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Oscar-winning director Kevin Macdonald, whose latest film Whitney bowed in Cannes to critical acclaim, has teamed up with British network Channel 4 on a drama series based around the 1988 Lockerbie, Scotland, bombing and the alleged conspiracy around it, The Hollywood Reporter has learned.
The filmmaker — whose credits include The Last King of Scotland and the Academy Award-winning documentary One Day in September, about the killing of Israeli athletes at the 1972 Olympics — has been working on a project about the terrorist attack for some time alongside playwright David Harrower.
Last year, it was reported that the project would be a feature film, charting the events from Dec. 21, 1988, when flight Pan Am Flight 103 was blown up midair on its way from London to the U.S. over the Scottish village of Lockerbie, killing all 243 passengers and 16 crew, alongside 11 more people on the ground, right up to the present day with relatives of the victims still campaigning for justice.
“It’s one of those subjects that is fascinating and we’ve been trying to figure out how to tell the story,” Macdonald tells THR. “But I think we’ve figured it out. And we’ve decided to turn it into TV, as is the way of the moment.”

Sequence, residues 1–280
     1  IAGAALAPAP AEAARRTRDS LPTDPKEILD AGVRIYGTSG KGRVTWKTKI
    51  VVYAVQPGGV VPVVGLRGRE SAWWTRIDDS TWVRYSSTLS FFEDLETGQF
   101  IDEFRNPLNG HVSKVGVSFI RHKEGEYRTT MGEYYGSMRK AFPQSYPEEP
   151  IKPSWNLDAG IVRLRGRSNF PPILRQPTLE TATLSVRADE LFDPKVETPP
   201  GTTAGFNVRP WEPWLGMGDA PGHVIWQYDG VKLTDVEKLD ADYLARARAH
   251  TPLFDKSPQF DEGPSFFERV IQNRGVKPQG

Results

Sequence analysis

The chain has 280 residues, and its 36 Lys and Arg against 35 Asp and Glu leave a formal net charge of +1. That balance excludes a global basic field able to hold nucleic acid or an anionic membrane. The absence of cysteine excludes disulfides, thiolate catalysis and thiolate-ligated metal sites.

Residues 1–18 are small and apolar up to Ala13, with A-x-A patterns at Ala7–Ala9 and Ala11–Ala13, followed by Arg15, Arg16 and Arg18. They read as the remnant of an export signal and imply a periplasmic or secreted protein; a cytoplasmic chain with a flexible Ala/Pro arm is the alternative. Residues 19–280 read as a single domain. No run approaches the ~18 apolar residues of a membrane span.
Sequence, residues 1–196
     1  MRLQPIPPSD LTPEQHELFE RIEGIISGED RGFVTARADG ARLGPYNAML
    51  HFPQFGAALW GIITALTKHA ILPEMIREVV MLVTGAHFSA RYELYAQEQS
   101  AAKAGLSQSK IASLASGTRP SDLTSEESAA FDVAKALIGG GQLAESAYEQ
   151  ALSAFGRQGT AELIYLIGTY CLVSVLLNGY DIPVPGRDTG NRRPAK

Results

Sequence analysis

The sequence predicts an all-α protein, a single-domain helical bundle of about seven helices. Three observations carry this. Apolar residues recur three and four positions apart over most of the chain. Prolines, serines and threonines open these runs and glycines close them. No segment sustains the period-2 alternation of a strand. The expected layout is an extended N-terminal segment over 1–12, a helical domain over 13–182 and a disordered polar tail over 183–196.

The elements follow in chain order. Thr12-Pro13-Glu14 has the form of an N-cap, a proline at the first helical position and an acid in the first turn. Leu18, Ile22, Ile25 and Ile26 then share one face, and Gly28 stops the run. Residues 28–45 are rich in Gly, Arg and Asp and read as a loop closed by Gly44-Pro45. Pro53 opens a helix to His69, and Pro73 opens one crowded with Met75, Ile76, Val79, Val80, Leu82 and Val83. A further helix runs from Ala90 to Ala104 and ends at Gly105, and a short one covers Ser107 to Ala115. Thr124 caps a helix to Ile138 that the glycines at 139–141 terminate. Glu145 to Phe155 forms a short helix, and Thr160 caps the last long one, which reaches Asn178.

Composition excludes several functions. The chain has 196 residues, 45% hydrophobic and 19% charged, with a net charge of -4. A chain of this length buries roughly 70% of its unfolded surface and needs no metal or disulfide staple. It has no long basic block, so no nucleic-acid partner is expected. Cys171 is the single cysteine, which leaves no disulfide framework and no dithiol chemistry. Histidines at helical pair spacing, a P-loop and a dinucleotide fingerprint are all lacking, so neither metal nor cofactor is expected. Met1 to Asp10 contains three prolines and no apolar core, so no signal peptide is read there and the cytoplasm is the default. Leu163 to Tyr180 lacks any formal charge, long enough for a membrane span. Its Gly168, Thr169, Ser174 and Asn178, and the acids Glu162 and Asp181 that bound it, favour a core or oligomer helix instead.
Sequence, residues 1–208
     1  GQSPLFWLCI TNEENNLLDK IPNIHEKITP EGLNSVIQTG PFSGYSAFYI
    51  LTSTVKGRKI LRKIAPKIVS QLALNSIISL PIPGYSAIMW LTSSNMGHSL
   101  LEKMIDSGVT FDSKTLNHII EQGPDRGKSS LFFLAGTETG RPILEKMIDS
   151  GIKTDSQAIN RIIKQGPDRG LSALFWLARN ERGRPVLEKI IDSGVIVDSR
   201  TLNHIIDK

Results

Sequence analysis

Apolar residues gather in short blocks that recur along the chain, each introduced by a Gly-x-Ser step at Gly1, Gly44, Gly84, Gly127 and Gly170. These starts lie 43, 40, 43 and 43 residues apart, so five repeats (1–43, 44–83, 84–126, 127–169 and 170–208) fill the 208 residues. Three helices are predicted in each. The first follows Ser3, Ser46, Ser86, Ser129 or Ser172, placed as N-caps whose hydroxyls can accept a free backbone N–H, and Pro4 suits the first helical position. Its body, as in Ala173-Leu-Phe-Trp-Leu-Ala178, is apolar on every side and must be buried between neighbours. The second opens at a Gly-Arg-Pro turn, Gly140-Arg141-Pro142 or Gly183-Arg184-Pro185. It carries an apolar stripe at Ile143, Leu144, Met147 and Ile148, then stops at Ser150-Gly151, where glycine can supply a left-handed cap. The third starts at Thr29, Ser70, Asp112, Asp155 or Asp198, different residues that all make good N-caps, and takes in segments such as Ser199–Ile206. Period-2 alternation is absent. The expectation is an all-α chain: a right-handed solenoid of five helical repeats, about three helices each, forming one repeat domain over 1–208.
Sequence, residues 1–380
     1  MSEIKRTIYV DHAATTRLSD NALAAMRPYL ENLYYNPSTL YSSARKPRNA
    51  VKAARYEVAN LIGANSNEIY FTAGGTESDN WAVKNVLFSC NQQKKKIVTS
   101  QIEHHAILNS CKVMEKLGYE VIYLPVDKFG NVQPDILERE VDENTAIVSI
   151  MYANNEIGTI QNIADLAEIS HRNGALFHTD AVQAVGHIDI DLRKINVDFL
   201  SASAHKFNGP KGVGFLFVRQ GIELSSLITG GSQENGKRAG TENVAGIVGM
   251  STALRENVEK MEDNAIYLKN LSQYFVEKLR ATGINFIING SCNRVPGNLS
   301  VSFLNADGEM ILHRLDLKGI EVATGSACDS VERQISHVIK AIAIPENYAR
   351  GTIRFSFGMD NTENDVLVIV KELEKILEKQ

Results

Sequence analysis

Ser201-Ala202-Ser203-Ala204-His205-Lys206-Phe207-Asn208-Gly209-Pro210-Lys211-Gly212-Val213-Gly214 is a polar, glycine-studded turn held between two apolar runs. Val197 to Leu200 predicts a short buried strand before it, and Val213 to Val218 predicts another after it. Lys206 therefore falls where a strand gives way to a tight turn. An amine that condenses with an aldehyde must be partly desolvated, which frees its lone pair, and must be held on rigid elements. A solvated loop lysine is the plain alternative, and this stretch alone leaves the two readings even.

Thirty years on, the terror attack still remains the most deadly — and one of the most controversial — on British soil. Although late Libyan leader Muammar Gaddafi accepted responsibility for the bombing, with intelligence officer Abdelbaset al-Megrahi imprisoned for life in 2001 (he was released in 2009 on compassionate grounds and died three years later of cancer), many claim the country was framed. Among the various theories is that Iran was behind the bombing, acting in response to the U.S.’ shooting down of Iran Air Flight 655 in July 1988, which killed all 290 people on board.
While there have been several documentaries about the Lockerbie disaster, Macdonald’s project — which THR understands is in late development at Channel 4 — would be the first drama. In 2014, acclaimed Irish director Jim Sheridan announced to THR that he was developing a film about the aftermath of the incident with Irish screenwriter Audrey O’Reilly that would focus on justice campaigner Jim Swire, an English doctor whose daughter Flora was among the victims. However, this project has since gone quiet.
In Cannes, Macdonald unveiled Whitney, an emotional and revelatory documentary about the tragic life and death of Whitney Houston, to rave reviews. THR described it as a “haunting, richly contextualized documentary portrait.“
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